Sunday, August 13, 2006

Her Daisy Head Is Conscience-Laden

Daria is thrilled to hear I feel awful.

Daria: You called out sick? That's great.
Tata: I'm glad you're happy. How many fingers am I holding up? Four! No, three!
Daria: When can you be ready to go?
Tata: Half an hour from any time now, but I'd rather leave after All My Erika.
Daria: What time?
Tata: Two.
Daria: Done!

At four on Friday, I buckle my seatbelt in her Ford Excoriator and ask a key question.

Tata: Where's your mother-in-law?

Daria growls like I waved honey in front of her grizzly cubs.

Daria: I'll tell you later.
Tata: Adult situation?
Daria: Grr. Grr. Grr. How're things with that guy?
Tata: Grr. Grr. Adult situation. Grr.
Daria: We'll talk about it in Rhode Island, when the kids are sleeping.

Somewhere in Connecticut, while we are listening to traffic reports every ten minutes and shushing the kids and she's setting up a DVD player and discussing directions with her husband in New Jersey and we are engaged in a valiant battle to remain hydrated, she spills a story so maddening I almost feel sorry for her. This is like taking pity on cannibals circling you with steak sauce; there is nothing defenseless about Daria.

Daria's husband Tyler's company had a convention this past week in Chicago. It was a reward for employees who worked their asses off, and Tyler did, and they planned this trip for a long time, including that Tyler's mother would come take charge of the kids for four days. The morning of their flight out, the mother-in-law, whose name I cannot commit to memory because it annoys her when I snap my fingers and say, "I'm sorry. What is your name again?" calls and asks what time they're bringing the kids to Long Island. Which was not the plan. There's no time to drive out to Long Island. Daria throws the phone across the room and bursts into tears. Tyler sifts a pile of shoes for the phone and his mother tells him she doesn't care what the plans were, she's not coming out to New Jersey. Tyler says some very abrupt things to his mommy and hangs up. Still sobbing, Daria calls Auntie InExcelsisDeo. Between Auntie, cousins Monday and Sandy, and Daria's usual babysitter, they improvise a plan. Tyler and Daria make their plane. The kids have a great time with their cousins, aunt and the babysitter. Then Scotland Yard arrests a pack of terrorists and return plans go straight into the crapper.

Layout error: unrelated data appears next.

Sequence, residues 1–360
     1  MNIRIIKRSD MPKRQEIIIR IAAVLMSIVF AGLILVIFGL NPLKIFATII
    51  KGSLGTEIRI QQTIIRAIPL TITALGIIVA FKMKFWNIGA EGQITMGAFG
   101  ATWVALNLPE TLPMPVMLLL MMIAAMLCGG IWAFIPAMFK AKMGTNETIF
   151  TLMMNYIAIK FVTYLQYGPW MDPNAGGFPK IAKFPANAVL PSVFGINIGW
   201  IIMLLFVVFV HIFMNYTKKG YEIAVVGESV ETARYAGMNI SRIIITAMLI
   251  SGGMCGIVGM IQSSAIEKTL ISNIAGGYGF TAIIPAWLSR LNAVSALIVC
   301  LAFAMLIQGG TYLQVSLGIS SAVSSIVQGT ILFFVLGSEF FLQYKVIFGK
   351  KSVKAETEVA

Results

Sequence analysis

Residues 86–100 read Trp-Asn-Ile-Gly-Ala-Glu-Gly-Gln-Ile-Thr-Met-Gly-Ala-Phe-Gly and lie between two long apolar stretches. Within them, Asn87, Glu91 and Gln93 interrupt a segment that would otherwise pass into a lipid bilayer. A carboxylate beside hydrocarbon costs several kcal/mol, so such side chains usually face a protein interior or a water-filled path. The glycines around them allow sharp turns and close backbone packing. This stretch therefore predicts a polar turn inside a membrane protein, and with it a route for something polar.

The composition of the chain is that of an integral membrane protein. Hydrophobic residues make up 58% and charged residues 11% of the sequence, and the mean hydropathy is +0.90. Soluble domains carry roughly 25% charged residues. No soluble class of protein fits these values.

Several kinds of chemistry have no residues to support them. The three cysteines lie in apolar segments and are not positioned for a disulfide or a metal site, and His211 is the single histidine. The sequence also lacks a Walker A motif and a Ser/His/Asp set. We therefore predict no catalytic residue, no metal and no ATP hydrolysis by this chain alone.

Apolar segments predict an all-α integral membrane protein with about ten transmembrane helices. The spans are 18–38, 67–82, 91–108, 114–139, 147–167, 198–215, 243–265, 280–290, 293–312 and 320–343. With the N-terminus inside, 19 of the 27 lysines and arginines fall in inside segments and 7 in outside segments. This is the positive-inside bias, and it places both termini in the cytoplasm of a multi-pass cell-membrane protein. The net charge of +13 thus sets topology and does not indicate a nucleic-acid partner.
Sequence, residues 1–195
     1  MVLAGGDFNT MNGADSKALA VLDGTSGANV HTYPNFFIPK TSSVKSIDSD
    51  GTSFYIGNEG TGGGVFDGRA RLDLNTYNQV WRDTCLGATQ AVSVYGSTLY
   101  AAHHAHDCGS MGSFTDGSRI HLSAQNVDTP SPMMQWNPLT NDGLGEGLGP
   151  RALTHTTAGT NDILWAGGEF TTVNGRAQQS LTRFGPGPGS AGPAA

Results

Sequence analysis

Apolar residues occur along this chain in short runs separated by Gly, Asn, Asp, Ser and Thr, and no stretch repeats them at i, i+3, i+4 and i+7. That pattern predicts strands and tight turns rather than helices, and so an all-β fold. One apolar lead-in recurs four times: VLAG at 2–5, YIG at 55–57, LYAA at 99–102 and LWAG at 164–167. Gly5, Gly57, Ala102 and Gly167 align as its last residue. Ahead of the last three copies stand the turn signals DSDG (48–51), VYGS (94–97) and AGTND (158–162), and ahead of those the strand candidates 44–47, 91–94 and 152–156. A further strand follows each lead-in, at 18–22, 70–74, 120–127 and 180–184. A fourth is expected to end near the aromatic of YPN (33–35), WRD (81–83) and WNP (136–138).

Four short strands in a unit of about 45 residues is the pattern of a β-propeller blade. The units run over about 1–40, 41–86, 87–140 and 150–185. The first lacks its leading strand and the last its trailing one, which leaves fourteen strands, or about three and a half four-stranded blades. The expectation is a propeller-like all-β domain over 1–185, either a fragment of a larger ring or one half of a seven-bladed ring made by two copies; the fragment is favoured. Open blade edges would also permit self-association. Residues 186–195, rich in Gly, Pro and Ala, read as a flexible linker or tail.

Daria: I'm not a good flier and I just couldn't get on a plane.
Tata: You what?
Daria: There were terrorists. I couldn't do it.
Tata: Daria, the terrorists were in the hooskow. Doesn't that mean yesterday was the safest day in history to fly?
Daria: No! And my girlfriends couldn't do it either so we rented two cars and drove back.
Tata: You...what?
Daria: We drove back from Chicago, got home at 4 this morning and I was too nervous to sleep.
Tata: So you're saying you were up all night and now you're driving the largest vehicle you can buy without a special license, your three children and me?
Daria: Yes, that's exactly what I'm saying.
Tata: Stop anywhere. I'm buying you a gallon of espresso and a syringe.

Later, she tells me the man in my adult situation will end up being my second husband. I tell her my second marriage and whatever she's avoiding in the center lane are scary hallucinations, and maybe I should drive for a while. When I sound like the Voice of Reason, we both laugh and laugh.


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